A Portrait of the Scarlet Pimpernel in Purple Prose

The Scarlet Pimpernel - Emmuska Orczy

I grew up knowing about the Scarlet Pimpernel through the Warner Bros "Scarlet Pumpernickel" cartoon starring Daffy Duck.  The image of Sylvester the cat stuttering out "puh...puh...pumpernickel" never failed to make me laugh.  Later, I caught the televised version with Richard Grant and Elizabeth McGovern and enjoyed it immensely.  When my family watched it recently on Netflix, I decided it was finally time to sit down and read the book.  


"The Scarlet Pimpernel" is a delightful adventure story by Baroness Orczy, a titled but poor Hungarian noblewoman.  In a prose style that frequently veers off into shades of purple, she convincingly re-creates the time of the French Terror in 1792, introducing into it the title character, The Scarlet Pimpernel.  Brilliant, fearless, cunning, resourceful, impetuous and uncommonly strong, he penetrates, time and again, the very heart of the revolutionary council, carrying off what few of the remaining French noblemen and women he can to freedom across the channel.  Only his closest comrades know that this dashing hero hides behind the foppish facade of Sir Percy Blakeney, the most wealthy and superficial of the subjects of His Royal Highness, the Prince of Wales.  


Sorry about that, but honestly, reading "Pimpernel" could bring out the Bulwer-Lytton in just about anyone.  Baroness Orczy excels at squeezing every ounce of overwrought emotion possible out of her adjectives as her heroes and heroines jump back and forth across the channel in an almost farcical adventure of secret identities, sundered hearts, and misunderstandings.  If it weren't for the ever-present guillotine, "Pimpernel" could almost pass for a comedy.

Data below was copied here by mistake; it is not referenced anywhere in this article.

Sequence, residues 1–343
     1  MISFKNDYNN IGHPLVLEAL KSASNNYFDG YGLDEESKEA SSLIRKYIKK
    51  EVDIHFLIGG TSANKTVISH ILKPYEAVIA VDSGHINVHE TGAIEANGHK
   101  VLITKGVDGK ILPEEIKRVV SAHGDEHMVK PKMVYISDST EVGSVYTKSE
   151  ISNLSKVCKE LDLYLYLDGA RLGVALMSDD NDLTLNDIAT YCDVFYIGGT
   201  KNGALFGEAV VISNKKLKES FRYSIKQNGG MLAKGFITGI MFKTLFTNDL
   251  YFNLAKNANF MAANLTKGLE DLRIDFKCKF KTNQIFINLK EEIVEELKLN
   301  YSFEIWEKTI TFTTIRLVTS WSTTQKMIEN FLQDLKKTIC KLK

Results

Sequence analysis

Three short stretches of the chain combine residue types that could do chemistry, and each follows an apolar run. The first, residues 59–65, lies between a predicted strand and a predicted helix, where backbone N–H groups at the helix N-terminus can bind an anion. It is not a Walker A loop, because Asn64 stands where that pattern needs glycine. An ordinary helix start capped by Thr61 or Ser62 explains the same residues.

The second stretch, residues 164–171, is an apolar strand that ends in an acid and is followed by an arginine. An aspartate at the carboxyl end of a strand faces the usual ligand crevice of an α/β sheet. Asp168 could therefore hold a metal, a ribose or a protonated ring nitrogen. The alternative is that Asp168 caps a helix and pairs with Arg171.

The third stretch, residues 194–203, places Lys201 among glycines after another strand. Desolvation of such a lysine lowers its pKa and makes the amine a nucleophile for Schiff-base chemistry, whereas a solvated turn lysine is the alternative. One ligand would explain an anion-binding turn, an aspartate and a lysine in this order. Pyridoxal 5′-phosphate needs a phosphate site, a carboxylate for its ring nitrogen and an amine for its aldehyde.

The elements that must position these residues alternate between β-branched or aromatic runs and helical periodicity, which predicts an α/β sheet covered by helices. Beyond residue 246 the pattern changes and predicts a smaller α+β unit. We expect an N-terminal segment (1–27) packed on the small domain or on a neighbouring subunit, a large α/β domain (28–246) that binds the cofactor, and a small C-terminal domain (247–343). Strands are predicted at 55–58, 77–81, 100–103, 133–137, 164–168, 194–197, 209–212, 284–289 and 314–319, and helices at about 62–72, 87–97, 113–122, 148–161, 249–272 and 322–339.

The plot is simple enough: Sir Percy Blakeney, the best dressed but least intelligent dandy in the British court, marries the beautiful and brilliant French actress, Marguerite, and matches wits with the villainous French envoy, M. Chauvelin, as he risks his life to save as much of the French nobility as he can, transporting them to England on his aptly named schooner the "Day Dream".  Marguerite, surprisingly ignorant of her husband's activities, inadvertently betrays him when Chauvelin captures her brother and uses him to extort the information from her.  It is only after Chauvelin departs to capture the Pimpernel that Marguerite figures out what has been going on all along and enlists the aid of one of the league of the Pimpernel to save Percy.  All along there are hair-raising adventures and hair's-breadth escapes, right up to the happy ending when all is set to right.  


Though far from being one of the towering achievements in literature, I can't help but feel it deserves a place as a classic of some sort.  First, it's just plain fun to read.  Though the Baroness certainly did not intend it to be comedic, the result of her efforts is just this side of silly in the best way.  Second, it succeeds as an adventure story.  Though not in the same vein as Kipling, Verne, or Stevenson, it is almost a precursor to some of the pulp adventure stories that came along later.  Her timing is excellent, and the adventurous episodes are engagingly written.  She keeps the suspense going even when there is a break in the action for dialogue.  Third, it is unabashedly patriotic.  Though born in Hungary, Baroness Orczy emigrated to England and was proud of the history of Britain.  She supported the aristocracy, and the British efforts in WWI.  Her love of England and the English spills over from the pages of "Pimpernel".  As a result, the whole turns out be greater than the sum of the parts.  


Again, this is a delightful book that can serve as an enjoyable bit of brain-candy when you need a break from more serious fare.